Our week began with a welcome dinner, some words of encouragement and gratitude for the ride ahead, a couple of drinks with friends at the bar, and a quick look at the goody bag filled with cycling apparel, water bottles, helmets, hats, T-shirts, maps, and cue sheets. Then, we, the 100-plus riders and support crew, were ready and anxious to get started the next morning.
Along the Route Through Oregon
Over the next seven days, we rode all over the state. We saw it all: from Banks, a small town outside of Portland to the town of Seaside, down the Pacific Coast Highway, then inland to Grand Ronde where we stayed on a Native American reservation, through a vineyard region, up the back side of Mt. Hood, around, down, and below to the desert, along the south side of the Columbia River Gorge, and back into and around Portland.
We traversed bike trails, city streets, country roads, tunnels, railroad tracks, cattle crossings, highway traffic, switchbacks, and off-road detours with portages over rocks and creeks. We planted trees in every city stop along the way, participated in educational events, sampled local wines, and ate famed Tillamook cheese.
We enjoyed scenic overlooks and postride chocolate milk. We ate like kings and queens at every meal with breakfasts and dinners at evening hotels, restaurants, and once even a fellow rider’s home on the side of a mountain. Throughout the week, every detail of our journey was overseen by the TREE Fund, who made sure we ate well, slept well, and that our luggage arrived at our hotel before we did.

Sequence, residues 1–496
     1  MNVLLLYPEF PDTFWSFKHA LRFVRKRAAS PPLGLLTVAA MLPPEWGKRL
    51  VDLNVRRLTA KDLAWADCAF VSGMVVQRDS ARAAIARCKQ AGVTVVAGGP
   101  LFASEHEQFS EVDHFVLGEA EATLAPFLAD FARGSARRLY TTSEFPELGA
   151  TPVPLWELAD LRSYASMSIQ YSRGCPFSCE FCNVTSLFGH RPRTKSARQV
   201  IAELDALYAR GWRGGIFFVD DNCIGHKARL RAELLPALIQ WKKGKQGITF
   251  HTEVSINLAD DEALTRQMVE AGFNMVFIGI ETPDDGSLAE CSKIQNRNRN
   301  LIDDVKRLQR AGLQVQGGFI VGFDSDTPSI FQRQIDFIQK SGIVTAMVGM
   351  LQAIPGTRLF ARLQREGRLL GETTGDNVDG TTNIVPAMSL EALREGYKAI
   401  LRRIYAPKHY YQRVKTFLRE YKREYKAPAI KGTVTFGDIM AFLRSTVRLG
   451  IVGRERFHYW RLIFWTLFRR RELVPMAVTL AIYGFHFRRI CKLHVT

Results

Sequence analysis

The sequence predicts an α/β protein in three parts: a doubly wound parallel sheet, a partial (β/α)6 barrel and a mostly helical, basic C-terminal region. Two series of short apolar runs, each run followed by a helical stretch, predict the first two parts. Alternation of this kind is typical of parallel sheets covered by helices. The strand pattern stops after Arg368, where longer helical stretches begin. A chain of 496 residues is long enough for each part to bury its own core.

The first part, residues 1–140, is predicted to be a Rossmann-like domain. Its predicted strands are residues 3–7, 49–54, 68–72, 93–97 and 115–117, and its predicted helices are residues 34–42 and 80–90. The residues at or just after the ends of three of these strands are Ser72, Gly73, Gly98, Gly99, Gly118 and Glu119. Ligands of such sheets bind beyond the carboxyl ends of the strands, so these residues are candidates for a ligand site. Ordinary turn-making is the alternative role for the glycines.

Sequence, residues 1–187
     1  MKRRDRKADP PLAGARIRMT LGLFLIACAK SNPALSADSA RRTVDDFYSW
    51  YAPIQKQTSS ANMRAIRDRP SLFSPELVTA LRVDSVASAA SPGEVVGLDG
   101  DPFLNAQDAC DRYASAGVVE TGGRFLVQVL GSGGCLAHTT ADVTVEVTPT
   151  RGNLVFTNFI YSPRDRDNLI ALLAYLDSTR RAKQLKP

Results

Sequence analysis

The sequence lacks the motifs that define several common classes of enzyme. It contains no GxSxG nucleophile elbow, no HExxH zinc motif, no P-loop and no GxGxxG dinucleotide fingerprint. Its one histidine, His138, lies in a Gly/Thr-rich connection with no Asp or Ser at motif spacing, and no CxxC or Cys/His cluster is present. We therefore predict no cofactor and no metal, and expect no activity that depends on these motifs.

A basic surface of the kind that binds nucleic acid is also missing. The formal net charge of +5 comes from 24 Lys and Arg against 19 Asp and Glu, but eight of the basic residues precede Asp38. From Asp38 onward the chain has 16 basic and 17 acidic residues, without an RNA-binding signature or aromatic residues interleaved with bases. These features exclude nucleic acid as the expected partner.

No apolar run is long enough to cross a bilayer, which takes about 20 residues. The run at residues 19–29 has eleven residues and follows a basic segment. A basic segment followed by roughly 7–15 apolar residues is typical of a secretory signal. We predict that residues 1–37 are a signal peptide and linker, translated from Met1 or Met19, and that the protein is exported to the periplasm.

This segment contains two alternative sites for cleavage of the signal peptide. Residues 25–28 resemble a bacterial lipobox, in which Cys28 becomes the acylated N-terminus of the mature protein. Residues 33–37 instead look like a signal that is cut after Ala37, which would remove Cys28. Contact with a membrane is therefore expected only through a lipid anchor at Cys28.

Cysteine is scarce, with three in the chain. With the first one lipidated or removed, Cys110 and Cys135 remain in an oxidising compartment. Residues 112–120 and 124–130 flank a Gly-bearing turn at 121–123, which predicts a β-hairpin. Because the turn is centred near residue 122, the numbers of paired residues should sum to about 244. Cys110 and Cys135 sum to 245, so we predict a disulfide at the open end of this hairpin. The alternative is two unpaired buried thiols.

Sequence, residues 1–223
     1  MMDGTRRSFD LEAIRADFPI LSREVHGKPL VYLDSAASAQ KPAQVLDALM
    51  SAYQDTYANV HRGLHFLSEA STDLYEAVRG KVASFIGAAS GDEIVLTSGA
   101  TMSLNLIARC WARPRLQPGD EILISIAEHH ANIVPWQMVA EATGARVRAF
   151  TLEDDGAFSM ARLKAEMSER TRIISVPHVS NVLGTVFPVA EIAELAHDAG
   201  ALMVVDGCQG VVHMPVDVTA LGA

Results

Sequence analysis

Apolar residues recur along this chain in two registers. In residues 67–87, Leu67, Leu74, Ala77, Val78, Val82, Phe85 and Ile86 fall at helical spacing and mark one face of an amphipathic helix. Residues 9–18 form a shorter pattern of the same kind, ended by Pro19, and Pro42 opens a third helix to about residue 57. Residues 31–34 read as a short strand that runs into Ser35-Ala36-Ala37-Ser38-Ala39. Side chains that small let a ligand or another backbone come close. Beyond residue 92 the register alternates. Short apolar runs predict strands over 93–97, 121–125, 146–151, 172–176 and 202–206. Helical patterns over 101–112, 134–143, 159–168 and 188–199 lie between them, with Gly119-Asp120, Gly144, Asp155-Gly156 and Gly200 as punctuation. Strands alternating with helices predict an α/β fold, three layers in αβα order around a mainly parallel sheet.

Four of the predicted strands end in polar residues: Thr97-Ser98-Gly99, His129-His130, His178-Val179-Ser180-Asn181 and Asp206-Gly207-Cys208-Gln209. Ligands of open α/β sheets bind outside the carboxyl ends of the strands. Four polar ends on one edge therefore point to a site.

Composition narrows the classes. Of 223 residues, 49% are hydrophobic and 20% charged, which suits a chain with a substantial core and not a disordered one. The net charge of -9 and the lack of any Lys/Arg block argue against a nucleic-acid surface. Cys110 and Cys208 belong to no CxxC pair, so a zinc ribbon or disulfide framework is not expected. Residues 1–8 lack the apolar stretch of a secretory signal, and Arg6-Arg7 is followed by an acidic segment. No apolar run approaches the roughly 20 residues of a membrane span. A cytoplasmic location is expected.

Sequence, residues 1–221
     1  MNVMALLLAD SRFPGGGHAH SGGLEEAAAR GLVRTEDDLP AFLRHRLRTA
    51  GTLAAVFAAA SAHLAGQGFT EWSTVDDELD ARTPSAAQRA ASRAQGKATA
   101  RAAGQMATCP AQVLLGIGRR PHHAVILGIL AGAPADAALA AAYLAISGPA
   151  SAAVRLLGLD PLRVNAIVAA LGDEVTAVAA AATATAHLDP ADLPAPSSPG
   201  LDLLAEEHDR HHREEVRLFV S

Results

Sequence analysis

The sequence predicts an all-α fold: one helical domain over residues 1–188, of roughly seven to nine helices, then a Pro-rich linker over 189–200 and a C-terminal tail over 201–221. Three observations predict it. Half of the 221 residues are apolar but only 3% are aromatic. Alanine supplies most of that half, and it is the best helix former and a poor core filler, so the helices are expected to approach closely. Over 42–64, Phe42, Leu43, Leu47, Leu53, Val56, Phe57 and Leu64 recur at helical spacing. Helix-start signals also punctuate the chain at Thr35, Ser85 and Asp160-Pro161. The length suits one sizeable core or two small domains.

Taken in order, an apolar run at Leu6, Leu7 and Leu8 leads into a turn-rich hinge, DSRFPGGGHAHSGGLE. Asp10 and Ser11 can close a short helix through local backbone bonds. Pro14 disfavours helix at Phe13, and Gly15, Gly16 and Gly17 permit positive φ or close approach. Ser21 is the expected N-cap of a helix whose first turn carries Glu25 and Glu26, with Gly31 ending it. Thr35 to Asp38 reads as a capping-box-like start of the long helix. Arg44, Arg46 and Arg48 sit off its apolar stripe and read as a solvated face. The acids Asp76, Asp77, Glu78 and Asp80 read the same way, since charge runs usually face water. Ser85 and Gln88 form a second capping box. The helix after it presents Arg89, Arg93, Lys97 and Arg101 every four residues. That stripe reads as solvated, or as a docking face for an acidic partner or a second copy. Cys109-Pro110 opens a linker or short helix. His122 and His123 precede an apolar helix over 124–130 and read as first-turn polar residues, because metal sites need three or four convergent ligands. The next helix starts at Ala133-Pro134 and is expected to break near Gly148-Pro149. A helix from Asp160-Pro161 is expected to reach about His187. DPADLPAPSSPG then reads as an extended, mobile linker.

Along the way, we were supported by an amazing group of volunteers, each of whom served up all the CLIF bars, bananas, and Fig Newtons you could possibly and an endless supply of encouragement.
We were escorted by police, local bike clubs, and even local drivers offering to get us moving in the right direction. Drivers of logging trucks, hay trucks, pickup trucks, and families in minivans cheered on our long line of matching, blueoutfitted cyclists.
Planning for a Large-Scale, Weeklong Ride
With more than 100 cyclists, a ride of this scale would simply not be possible without an excellent mechanical support crew and a focus on safety. The STIHL Tour des Trees is open to all those who have a passion for trees and who are interested a week of sightseeing and travel by bike. This means that there is also a wide variety of cycling skill levels, which can present a challenge for support crews. The TREE Fund and its generous sponsors ensure that the STIHL Tour des Trees travels with full mechanical and rider support throughout the entire week. Everything from flat tires to fatigued cyclists is meticulously planned for in advance, and a premium is placed on safety.
Another unique aspect of the STIHL Tour des Trees is its ever-changing location. The tour director typically conducts two visits through the area: one nearly a year before to determine the routes, and a second visit one week out in order to mark the route and ensure that there have been no major changes that would affect the cyclists.